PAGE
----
The current study investigated life stage, tissue and cell dependent sensitivity to ionizing radiation of the nematode Caenorhabditis elegans. Results showed that irradiation of post mitotic L4 stage larvae induced no significant effects with respect to mortality, morbidity or reproduction at either acute dose ≤6 Gy (1500 mGy·h-1) or chronic exposure ≤15 Gy (≤100 mGy·h-1). In contrast, chronic exposure from the embryo to the L4-young adult stage caused a dose and dose-rate dependent reprotoxicity with 43% reduction in total brood size at 6.7 Gy (108 mGy·h-1). Systematic irradiation of the different developmental stages showed that the most sensitive life stage was L1 to young L4. Exposure during these stages was associated with dose-rate dependent genotoxic effects, resulting in a 1.8 to 2 fold increase in germ cell apoptosis in larvae subjected to 40 or 100 mGy·h-1, respectively. This was accompanied by a dose-rate dependent reduction in the number of spermatids, which was positively correlated to the reprotoxic effect (0.99, PCC). RNAseq analysis of nematodes irradiated from L1 to L4 stage revealed a significant enrichment of differentially expressed genes related to both male and hermaphrodite reproductive processes. Gene network analysis revealed effects related to down-regulation of genes required for spindle formation and sperm meiosis/maturation, including smz-1, smz-2 and htas-1. Furthermore, the expression of a subset of 28 set-17 regulated Major Sperm Proteins (MSP) required for spermatid production was correlated (R2 0.80) to the reduction in reproduction and the number of spermatids. Collectively these observations corroborate the impairment of spermatogenesis as the major cause of gamma radiation induced life-stage dependent reprotoxic effect. Furthermore, the progeny of irradiated nematodes showed significant embryonal DNA damage that was associated with persistent effect on somatic growth. Unexpectedly, these nematodes maintained much of their reproductive capacity in spite of the reduced growth.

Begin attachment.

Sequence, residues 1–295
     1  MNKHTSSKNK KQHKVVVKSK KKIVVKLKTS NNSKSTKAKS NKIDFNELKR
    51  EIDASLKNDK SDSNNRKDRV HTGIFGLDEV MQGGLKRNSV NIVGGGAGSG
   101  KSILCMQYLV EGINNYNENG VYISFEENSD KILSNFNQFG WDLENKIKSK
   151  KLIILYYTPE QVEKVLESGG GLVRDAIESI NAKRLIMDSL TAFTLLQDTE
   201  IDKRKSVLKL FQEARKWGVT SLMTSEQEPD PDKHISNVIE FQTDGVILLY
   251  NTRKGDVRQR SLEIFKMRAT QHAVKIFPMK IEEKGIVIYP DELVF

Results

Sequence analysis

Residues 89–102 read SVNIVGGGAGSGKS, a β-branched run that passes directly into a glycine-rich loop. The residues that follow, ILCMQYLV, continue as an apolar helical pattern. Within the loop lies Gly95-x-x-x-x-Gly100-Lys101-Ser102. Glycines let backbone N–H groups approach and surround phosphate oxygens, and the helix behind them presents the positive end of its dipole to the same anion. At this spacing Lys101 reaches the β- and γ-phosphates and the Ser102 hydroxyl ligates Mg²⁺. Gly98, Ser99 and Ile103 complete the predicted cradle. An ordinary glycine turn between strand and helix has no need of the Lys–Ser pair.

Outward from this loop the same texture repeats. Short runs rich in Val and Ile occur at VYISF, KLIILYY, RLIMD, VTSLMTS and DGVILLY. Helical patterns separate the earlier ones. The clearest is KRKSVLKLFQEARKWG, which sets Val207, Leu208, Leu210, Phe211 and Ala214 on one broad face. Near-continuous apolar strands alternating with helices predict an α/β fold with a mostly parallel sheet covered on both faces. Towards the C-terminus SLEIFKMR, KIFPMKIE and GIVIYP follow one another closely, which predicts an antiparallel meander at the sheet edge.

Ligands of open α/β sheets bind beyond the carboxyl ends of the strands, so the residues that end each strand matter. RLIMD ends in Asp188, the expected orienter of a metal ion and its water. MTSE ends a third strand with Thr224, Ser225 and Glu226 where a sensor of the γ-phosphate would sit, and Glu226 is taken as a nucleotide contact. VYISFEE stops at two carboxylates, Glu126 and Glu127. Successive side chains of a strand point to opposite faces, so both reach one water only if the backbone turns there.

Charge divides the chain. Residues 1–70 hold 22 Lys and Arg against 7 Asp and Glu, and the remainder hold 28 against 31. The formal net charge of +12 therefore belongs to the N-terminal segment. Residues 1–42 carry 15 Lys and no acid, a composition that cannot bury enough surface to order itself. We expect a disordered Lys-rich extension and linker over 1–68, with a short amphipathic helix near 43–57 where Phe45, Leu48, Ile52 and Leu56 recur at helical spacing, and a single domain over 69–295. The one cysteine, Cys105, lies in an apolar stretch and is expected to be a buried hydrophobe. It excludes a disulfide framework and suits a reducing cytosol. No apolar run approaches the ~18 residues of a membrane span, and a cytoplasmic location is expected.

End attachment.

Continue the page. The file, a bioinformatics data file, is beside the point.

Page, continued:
Keywords: Caenorhabditis elegans; Early life stages; Ionizing gamma radiation; Reprotoxicity; Spermatogenesis.
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